With the sudden rise of Iamsu! and his HBK Gang, the Bay Area is becoming a hotbed again for new talent. Clyde Carson—who was part of the Oakland-based group The Team—has been putting in work on his solo tip dropping street projects like Something To Speak About. Earlier this week, Carson released his new EP Playboy, which once again shows his determination to revive the Bay’s presence in the rap game. We caught up with Clyde Carson to discuss his underground gem, the meaning of Playboy, and if he still believes the Bay is underappreciated.

XXL: How long have you been working on it?
Clyde Carson: Probably since Something To Speak About I’ve been at it. In March, I started on it and then some of the songs that we started on early that we didn’t end up using. It was kind of off and on over the last six months.

Why did you name it Playboy?
I grew up listening to Too $hort. He was my favorite rapper. He used to always call himself Playboy Short. I kind of just took it from there. I always thought it was a dope moniker so I just used it. I just thought it’d be a dope album title name.

What was the direction for the project?
I think the direction of Playboy is just really Bay Area funk. Oakland funk. Old school funk-type of underground feel. Everything from the production to even the cover, I felt like it kind of had a throwback sense to it. Except for the record I got with August, I think everything else really has a regional sound to it. I almost was going for that. I think a lot of people are paying attention to the Bay Area. I wanted to do something I felt that was really deeply rooted in the Bay Area. Something that I was not really trying to make records that would crossover to any other place. But since people are paying attention, just give them something that felt real original to its roots.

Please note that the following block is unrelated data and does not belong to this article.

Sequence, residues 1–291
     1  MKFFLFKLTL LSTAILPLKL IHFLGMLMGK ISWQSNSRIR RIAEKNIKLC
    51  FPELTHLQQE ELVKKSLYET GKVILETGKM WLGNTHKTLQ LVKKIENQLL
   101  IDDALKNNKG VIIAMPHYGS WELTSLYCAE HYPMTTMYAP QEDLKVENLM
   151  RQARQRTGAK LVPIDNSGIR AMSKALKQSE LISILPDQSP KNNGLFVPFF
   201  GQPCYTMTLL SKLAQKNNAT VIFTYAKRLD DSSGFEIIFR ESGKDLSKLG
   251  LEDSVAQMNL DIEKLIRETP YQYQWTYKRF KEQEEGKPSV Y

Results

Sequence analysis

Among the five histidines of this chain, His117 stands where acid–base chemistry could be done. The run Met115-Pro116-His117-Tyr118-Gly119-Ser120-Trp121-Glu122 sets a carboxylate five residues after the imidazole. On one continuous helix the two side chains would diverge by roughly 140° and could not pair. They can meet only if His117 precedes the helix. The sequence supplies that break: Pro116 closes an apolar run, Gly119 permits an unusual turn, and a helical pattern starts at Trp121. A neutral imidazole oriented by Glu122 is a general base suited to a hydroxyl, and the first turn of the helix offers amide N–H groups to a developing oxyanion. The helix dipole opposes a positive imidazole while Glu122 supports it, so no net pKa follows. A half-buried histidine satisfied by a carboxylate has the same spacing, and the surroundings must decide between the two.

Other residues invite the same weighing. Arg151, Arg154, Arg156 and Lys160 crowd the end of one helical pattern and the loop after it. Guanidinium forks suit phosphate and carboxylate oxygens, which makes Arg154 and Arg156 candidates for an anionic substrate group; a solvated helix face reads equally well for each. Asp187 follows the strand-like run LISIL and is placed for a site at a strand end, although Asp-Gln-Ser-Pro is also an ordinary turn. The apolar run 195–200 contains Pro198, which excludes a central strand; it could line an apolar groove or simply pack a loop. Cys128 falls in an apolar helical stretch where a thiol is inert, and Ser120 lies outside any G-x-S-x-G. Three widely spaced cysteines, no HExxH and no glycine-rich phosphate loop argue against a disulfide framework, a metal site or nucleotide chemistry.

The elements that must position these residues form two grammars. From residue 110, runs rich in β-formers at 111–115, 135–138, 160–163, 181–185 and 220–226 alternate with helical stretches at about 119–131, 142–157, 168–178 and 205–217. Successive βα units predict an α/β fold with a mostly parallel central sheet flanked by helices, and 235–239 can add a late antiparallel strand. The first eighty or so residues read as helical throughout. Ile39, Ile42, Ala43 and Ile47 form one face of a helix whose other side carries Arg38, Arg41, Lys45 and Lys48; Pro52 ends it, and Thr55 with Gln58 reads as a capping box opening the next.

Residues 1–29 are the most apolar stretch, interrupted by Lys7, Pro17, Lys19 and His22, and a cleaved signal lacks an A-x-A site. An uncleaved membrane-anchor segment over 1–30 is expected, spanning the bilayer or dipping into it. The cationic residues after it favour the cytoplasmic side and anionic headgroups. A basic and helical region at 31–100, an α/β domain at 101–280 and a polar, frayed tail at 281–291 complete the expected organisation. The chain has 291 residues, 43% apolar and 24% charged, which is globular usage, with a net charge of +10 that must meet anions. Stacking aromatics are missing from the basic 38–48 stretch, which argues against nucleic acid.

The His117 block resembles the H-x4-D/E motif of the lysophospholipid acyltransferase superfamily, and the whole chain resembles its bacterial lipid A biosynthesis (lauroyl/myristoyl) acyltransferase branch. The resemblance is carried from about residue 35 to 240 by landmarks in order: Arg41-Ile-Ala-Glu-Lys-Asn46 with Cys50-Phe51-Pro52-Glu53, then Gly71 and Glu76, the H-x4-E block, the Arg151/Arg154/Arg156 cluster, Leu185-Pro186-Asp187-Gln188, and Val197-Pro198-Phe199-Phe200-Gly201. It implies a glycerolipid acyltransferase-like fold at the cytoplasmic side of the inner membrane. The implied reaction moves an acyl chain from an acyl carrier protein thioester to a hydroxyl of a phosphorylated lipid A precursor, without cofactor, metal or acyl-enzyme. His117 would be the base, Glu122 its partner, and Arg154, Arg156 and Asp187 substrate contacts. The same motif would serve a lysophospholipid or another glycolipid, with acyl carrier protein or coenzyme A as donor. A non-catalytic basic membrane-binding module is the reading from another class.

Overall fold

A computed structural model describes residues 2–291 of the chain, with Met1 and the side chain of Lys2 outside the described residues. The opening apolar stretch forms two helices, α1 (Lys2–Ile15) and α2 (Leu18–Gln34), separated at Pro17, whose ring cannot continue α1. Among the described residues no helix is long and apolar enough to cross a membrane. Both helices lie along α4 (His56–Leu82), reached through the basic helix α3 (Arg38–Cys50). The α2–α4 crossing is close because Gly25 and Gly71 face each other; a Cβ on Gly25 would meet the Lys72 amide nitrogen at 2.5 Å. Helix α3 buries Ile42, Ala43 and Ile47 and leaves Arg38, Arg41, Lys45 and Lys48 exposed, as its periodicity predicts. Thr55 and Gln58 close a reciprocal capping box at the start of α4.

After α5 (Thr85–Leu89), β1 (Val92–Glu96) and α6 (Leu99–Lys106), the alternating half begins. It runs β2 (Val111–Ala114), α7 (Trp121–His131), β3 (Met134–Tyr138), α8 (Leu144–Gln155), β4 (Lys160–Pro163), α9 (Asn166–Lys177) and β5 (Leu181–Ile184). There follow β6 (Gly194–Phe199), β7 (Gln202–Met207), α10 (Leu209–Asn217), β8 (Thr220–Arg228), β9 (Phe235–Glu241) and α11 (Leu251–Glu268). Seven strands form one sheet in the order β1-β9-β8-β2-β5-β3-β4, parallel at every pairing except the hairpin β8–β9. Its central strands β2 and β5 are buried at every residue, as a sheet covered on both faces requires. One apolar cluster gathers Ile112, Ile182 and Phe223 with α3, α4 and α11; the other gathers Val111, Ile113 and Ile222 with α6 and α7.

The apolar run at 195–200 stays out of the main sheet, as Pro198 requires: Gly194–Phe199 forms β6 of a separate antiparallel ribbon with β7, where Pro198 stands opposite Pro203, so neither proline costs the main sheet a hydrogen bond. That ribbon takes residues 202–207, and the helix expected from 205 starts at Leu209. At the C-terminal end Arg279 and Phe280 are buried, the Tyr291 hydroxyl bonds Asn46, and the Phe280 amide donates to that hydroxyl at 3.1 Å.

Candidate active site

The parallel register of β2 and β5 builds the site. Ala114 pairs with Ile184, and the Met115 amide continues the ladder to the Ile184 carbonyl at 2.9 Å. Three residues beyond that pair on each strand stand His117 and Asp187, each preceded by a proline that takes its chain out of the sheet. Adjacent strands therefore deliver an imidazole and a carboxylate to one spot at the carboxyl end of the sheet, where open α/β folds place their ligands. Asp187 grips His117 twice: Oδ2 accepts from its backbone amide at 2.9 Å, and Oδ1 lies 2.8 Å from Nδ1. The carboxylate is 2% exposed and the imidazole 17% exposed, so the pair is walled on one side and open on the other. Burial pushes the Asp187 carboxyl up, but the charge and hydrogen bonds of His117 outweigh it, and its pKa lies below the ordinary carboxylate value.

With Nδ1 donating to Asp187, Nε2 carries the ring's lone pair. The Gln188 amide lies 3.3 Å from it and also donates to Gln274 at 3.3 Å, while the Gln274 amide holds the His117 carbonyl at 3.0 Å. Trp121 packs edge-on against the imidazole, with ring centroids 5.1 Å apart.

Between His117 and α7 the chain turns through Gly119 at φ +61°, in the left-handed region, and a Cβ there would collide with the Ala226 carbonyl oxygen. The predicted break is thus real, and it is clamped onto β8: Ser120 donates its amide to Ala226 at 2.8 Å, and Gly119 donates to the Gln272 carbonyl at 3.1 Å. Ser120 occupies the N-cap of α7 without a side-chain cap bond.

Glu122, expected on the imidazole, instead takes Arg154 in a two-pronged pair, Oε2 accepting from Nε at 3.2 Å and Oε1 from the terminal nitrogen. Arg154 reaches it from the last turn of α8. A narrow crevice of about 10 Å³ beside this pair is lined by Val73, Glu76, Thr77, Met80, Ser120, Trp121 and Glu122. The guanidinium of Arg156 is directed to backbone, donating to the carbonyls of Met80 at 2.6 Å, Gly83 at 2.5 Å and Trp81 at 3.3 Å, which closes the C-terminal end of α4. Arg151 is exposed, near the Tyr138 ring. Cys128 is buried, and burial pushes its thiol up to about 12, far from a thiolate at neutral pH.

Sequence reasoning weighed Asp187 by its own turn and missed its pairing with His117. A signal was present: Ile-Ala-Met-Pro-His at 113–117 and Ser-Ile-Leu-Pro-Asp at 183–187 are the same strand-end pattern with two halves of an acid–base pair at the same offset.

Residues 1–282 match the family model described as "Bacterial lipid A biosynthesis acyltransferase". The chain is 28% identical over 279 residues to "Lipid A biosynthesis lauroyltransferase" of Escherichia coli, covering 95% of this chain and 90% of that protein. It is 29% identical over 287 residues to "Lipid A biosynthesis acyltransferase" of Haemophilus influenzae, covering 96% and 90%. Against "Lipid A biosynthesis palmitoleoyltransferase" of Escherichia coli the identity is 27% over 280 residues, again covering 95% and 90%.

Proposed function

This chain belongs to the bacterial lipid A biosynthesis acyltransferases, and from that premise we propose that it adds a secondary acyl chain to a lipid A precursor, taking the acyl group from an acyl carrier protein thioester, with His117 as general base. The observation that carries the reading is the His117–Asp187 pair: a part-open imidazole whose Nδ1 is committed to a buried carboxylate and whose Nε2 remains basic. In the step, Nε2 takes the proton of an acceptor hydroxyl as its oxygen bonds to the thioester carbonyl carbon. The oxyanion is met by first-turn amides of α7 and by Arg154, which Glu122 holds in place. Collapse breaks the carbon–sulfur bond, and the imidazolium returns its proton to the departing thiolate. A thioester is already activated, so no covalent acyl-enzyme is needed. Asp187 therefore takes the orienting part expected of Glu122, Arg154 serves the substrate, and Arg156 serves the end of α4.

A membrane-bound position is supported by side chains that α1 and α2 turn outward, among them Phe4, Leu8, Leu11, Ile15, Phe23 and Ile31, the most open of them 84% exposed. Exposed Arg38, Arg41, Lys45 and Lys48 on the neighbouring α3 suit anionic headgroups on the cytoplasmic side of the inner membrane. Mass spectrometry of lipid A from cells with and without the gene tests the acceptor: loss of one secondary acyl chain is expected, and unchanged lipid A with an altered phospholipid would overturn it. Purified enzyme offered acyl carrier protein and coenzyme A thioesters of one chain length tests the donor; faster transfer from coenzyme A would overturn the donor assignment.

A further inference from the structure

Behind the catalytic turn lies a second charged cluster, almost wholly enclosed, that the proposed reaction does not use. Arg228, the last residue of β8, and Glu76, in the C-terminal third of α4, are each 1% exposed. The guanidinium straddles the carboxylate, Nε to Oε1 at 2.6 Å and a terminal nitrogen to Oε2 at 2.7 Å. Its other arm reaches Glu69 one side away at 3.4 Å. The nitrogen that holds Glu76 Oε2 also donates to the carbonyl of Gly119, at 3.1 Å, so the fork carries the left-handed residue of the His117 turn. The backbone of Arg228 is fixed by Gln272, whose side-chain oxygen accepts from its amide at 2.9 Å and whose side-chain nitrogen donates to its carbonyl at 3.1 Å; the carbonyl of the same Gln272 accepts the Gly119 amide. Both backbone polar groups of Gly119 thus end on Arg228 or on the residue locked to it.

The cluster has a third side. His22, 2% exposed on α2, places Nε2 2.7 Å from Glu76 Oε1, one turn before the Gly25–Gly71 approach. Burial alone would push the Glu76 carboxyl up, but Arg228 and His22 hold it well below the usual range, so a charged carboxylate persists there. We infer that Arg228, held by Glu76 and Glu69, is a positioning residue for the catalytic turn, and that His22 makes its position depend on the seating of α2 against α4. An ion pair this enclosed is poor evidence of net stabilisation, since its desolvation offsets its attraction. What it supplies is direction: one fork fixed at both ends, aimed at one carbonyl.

How was it working with Mustard?
It was pretty cool. I was able to work on his project Ketchup. I jumped on that for him and, in turn, we did a couple of records for me. We actually did a bunch of records but we picked to that we thought it was dope for the project. He’s a dope young dude. He’s putting out a lot of songs. It’s a good time to have some records from him.

You got a record with Master P. That’s a big look.
I remember actually going to school and just being a real fan of [No Limit’s] movement. Even before they kind of popped off nationally, when they were representing Richmond. Shouting out Richmond, California and TRU was only in Richmond and everybody was out there. I think to see them pop off and of course, he’s making his comeback now. I had an opportunity to do a record with him. I’m glad he hopped on the record. I actually think he really killed it. He did his thing on there. He didn’t come on there and give me a fancy cut. He came up and kicked his feet. Master P showing out on the record.

With Iamsu! and HBK Gang blowing up, do you believe the Bay is still underappreciated in hip-hop?
I don’t feel like that anymore.  I think once we came out with the hyphy movement and the artists and we were showing that “Hey, when you mention the West Coast, please don’t forget about the Bay. And don’t think we are like anybody else.” We got our own style. We got our own dances. We have our own language. I think that is what the hyphy movement was all about. So I don’t think the Bay is underappreciated, I think back then they were looking at us funny, but the whole West Coast is doing what we started off doing. I don’t think it is underappreciated. Anytime you have major artists like Nicki Minaj or Yo Gotti or all the East Coast and down South major artists that are actually putting up numbers. When they shout out the West Coast, they make sure to shout-out the Bay and L.A. It’s not just L.A. or just West Coast. I mean, we not underappreciated at all. They listening to the music.